Six Day War Essay examples

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The Six-Day War: A Rival of International Relations Theories

John Doe
University Program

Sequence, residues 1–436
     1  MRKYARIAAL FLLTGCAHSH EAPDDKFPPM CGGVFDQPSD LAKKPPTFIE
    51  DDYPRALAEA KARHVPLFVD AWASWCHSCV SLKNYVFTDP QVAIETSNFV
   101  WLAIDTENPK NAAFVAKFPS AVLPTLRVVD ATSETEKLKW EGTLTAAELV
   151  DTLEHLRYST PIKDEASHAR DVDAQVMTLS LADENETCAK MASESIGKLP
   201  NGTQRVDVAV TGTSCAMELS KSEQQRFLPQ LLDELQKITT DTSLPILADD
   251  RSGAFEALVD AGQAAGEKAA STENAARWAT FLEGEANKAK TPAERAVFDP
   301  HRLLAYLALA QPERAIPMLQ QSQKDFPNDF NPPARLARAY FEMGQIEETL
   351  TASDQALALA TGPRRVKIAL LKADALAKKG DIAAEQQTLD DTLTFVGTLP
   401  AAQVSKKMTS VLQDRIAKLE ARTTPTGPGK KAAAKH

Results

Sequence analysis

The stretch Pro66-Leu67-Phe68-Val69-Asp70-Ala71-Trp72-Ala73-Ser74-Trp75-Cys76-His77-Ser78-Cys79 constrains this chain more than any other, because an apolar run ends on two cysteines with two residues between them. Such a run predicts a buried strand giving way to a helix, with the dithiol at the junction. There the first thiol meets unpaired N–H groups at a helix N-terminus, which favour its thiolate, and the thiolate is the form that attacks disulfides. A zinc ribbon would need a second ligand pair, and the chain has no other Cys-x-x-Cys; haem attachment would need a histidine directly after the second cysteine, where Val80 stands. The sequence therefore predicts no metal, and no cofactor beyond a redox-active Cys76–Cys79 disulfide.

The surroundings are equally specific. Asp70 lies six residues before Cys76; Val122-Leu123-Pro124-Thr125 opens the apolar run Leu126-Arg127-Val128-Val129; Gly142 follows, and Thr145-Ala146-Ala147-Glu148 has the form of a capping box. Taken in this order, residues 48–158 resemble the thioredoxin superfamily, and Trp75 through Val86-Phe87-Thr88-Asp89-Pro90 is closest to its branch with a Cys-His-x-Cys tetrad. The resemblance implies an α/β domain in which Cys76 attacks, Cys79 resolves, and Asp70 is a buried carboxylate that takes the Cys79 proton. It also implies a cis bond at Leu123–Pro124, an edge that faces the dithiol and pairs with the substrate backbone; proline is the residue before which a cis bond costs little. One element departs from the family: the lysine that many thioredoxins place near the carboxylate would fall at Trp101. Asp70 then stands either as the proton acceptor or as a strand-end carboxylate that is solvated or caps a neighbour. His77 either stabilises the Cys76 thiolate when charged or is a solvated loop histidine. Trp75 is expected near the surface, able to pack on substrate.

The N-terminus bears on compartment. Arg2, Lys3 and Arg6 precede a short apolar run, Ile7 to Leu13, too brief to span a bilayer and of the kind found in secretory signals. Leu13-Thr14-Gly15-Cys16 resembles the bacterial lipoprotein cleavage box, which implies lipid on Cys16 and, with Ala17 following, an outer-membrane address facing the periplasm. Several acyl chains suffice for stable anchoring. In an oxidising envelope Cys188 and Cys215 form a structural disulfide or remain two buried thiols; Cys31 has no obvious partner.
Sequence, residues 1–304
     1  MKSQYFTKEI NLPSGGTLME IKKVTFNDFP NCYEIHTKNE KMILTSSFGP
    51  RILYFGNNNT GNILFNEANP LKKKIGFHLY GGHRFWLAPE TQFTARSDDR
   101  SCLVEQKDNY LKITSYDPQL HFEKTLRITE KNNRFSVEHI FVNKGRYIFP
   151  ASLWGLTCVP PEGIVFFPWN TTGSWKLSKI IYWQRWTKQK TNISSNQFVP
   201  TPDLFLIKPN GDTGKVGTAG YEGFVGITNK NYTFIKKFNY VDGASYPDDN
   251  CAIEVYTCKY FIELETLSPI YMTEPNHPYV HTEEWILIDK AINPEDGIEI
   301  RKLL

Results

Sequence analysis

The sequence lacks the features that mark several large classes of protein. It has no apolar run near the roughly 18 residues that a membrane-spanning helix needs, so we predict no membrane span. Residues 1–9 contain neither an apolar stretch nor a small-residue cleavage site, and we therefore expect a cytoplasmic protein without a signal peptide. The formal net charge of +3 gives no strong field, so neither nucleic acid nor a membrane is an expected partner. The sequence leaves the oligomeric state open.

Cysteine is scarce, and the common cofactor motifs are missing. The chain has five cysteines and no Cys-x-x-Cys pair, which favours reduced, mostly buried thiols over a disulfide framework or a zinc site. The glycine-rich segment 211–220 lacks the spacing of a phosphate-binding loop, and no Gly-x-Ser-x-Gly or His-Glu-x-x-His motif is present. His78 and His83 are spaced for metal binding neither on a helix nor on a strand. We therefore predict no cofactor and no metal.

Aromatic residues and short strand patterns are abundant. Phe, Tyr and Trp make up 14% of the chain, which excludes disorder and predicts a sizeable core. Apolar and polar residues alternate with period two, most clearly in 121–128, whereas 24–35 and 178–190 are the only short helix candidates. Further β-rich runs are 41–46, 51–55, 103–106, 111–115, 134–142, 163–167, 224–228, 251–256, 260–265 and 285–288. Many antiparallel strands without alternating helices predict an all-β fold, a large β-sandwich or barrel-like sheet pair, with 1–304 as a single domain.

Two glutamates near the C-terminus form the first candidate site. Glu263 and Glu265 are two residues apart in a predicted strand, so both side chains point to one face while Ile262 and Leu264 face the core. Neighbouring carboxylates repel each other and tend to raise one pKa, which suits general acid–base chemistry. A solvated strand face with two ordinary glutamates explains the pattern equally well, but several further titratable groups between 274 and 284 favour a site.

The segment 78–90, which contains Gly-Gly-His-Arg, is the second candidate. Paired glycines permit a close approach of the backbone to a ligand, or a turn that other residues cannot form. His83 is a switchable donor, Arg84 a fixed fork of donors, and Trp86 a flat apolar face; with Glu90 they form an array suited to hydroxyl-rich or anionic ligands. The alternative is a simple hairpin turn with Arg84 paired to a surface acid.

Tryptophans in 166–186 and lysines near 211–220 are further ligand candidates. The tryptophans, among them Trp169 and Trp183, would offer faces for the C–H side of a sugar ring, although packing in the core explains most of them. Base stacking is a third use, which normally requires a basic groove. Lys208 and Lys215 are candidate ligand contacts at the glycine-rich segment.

Endings are inevitable; they are a part of the world, as we know it. It is expected that all things eventually end, from one’s life to that of a good book. Unlike the expectation of an ending to a book, the Middle East is a region containing a lengthy, perennial history of conflicts and wars with only an ending of chapters and the beginning of another. This is especially true between the Arab states and Israel. Israel’s declaration of independence on May 14, 1948 sparked the tensions between Israel and the Arab countries that has lasted for decades and remains of particular interest to the great powers.1 There are two rival theories of international relations that can be used to critically analyze the situation between Arab states and Israel. Realism theorizes that states are the primary actors in international relations and that systemic anarchy and power are prime factors that determine conflict.2 However, constructivism argues that it is the social identities and norms of the actors and that anarchy is what states make of it. It is the collective meanings interpreted by actors that make the structure and organize actions of a state that lead to conflict or not.3 Individually, Realism and Constructivism does not fully explain the causes and perpetual tensions of Arab states and Israel that led up to the Six Day War. Contributions from both theories are important however; the application of the core tenets of realism has a greater influence in continuing conflict and even possibly a coming of a fifth war between Arab states and Israel. After years of Jewish immigration into Palestine, the United Nations General Assembly divided western Palestine into two separate states. The creation of Israel in 1947 with its declaration of Independence a year later recognized by the United States and Russia. However, the creation of Israel failed to establish a definitive border carved out of the former British Mandate. The neighboring Arab countries soon began moving their forces into areas predominately occupied by Arabs and ignited fighting between Israeli and Arab military forces that marked the beginning of the First Arab-Israeli War. The Arab communities rejected Israel’s claim as a state and rallied together to persuade the world of their same beliefs.4 It was not until the late 1950’s that two of the world’s superpowers, the United States and Russia, began their involvement in the Middle East region. This is greatly owed to the Suez Canal Crisis in 1956, or the Second Arab Israeli War, when Egypt’s leader Gamal Abdel Nasser nationalized the Suez Canal.5 His attempts were soon stopped by a coalition between France, Britain and Israel and led to a one of many cease-fire agreements that will follow throughout the course of Arab-Israeli history. Nasser’s ultimate goal was to unite and lead a Pan-Arab nation that would include other Arab countries and part of Africa and viewed Israel as a roadblock. In 1956, the Six Day War began with a preemptive strike on Egypt by Israeli air forces in response to Nasser closing the Straits of Tiran that allowed access to Israel’s only port on the Red Sea. The Israeli victory after the Six Day War humiliated Egypt, Syria and Jordan crippling and decimating their armies that encircled Israel.6 Lasting only a short duration, the six-day war is historically significant. The events leading up to and during this conflict can be analyzed providing rival explanations from a realist and constructivist perspective. The dominating theory throughout the Cold War was realism. It provided a powerful and simplistic explanation emphasizing the competition and rivalry between the United States and Soviet Union. During this period, realism evolved from a “classical” approach from founder Hans Morgenthau to a “neorealist” approach advocated by Kenneth Waltz. Comparing both theorems,